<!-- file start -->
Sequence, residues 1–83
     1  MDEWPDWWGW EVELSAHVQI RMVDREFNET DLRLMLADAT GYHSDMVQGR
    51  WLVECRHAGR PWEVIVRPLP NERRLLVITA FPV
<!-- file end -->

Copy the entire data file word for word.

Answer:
Sequence, residues 1–83
     1  MDEWPDWWGW EVELSAHVQI RMVDREFNET DLRLMLADAT GYHSDMVQGR
    51  WLVECRHAGR PWEVIVRPLP NERRLLVITA FPV